Thibodeau: When you're short-handed, you have to have fight
BROOKLYN — Bulls head coach Tom Thibodeau received the NBA’s Eastern Conference Coach of the Month award for January.
As one might expect, the coach didn’t exactly get emotional about the honor.
“It’s more a reflection of I have a great staff. I have a great team, great organization. I’ve got a great owner,” he said before the Bulls’ 93-89 loss Friday night. “It’s a byproduct of winning, so you share in everything.”
Despite loss, Gibson appreciates homecoming
Taj Gibson played all 48 minutes of the Bulls’ loss to the Nets, now located in his hometown of Brooklyn.
The exhausted power forward — who mostly played center due to the absence of teammate Joakim Noah — was dejected about the loss, but pleased to see a lot of his old friends.
“It was great. I saw a lot of people from Telecommunications [High School, which he attended]. I saw a lot of people form the Gauchos I used to play with,” Gibson said. “It was a good feeling just being in a great facility, just being able to represent my hometown: Fort Greene, Brooklyn. A lot of people in the stands that work here are from my neighborhood.”
Belinelli-Robinson pairing intrigues Thibodeau
Backup floor general Nate Robinson, starting in place of the injured Kirk Hinrich, struggled with his shot — the typically shoot-first point guard went for 4-for-16 on the evening to get his 12 points — but thrived as a distributor, doling out 11 assists.
Reserve shooting guard Marco Belinelli was utilized as a primary scorer, as well as a primary ballhandler when he was on the floor, switching off with Robinson, en route to scoring 18 points and handing out four assists.
Thibodeau liked the interchangeable duo together and depending on how long Hinrich is out, might be forced to go to the backcourt more often.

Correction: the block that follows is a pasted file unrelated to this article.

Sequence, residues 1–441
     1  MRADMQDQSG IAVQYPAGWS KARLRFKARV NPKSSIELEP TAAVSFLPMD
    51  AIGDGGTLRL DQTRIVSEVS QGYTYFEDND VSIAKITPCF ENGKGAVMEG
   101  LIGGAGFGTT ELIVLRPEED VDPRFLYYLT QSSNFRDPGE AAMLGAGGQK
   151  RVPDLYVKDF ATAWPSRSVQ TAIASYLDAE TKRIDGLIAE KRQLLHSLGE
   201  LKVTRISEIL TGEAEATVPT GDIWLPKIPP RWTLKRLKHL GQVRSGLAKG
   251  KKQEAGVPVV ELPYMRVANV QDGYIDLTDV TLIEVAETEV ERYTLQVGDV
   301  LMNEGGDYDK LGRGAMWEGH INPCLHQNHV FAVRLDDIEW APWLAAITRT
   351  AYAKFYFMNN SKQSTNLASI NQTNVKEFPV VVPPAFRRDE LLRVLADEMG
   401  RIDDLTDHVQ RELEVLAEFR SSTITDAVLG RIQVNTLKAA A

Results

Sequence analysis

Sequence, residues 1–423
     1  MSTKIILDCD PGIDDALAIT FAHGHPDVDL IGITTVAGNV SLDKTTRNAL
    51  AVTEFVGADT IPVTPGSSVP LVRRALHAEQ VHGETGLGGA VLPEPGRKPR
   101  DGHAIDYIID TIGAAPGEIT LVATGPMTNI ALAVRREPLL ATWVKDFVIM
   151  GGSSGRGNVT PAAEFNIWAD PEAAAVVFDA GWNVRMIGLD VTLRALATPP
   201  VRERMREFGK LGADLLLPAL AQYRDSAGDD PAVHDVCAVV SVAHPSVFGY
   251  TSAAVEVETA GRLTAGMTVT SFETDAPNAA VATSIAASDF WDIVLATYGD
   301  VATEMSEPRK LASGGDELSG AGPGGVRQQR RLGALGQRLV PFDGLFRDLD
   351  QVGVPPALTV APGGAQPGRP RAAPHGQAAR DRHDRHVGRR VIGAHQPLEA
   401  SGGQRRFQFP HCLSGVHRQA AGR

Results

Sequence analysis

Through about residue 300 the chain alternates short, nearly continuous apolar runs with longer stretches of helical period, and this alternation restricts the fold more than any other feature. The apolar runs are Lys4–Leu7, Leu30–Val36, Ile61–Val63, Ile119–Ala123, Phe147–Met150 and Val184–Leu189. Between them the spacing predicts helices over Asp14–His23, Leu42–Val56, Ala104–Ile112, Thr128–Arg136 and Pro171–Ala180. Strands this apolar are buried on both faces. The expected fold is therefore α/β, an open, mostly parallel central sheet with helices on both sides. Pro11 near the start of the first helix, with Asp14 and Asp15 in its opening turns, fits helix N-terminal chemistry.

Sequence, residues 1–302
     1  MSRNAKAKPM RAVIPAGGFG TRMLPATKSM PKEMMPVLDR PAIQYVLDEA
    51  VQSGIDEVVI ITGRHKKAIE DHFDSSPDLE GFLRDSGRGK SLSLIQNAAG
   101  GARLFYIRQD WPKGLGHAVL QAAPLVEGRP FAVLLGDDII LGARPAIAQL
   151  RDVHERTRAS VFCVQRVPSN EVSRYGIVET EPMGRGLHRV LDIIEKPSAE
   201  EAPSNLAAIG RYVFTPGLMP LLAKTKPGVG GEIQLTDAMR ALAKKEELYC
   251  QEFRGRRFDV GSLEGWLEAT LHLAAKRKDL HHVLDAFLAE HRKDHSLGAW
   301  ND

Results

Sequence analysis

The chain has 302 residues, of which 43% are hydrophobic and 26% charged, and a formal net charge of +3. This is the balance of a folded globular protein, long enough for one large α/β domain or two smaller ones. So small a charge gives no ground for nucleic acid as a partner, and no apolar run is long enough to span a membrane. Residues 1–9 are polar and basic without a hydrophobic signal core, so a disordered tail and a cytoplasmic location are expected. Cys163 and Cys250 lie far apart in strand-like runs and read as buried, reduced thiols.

“I like that. I think the versatility of both guys because it’s different. The twos, they're primarily accustomed to chasing around screens, catch-and-shoot, and now they have to defend more pick-and-roll,” he explained. “With the ones, they’re used to dribble penetration, pick-and-roll, and now you put them in more catch-and-shoot, and Nate can do both and Marco can do both, so I think it’s a plus.”
Hamilton reflects on end of era
Veteran shooting guard Rip Hamilton is best known for his tenure in Detroit, where he won a 2004 championship with the Pistons and was a two-time All-Star.
Hamilton teamed up with the likes of Chauncey Billups and Rasheed Wallace, but after Ben Wallace, who had a stint in Chicago, semi-retired following last season, the last remaining player from the team’s contending era was Tayshaun Prince.
Prince, who Hamilton still keeps in touch with, was recently dealt to Memphis in a blockbuster trade centered around Rudy Gay, who is now in Toronto.
While some might think Prince would be happy to leave the Pistons, a perennial losing team as of late, Hamilton has long insisted that the veteran small forward likes it in Detroit.
However, getting a chance to be on a winning team could appeal to his friend, Hamilton acknowledged.
“I’m happy for him. It’s a good situation for him. I’m definitely surprised because when I talked to Tay, he told me that Joe wasn’t going to trade him and he was surprised, too, that it happened,” he told CSNChicago.com. “He’s the last one. It’s tough. I know it’s tough for him. It was tough on all of us when we first left.”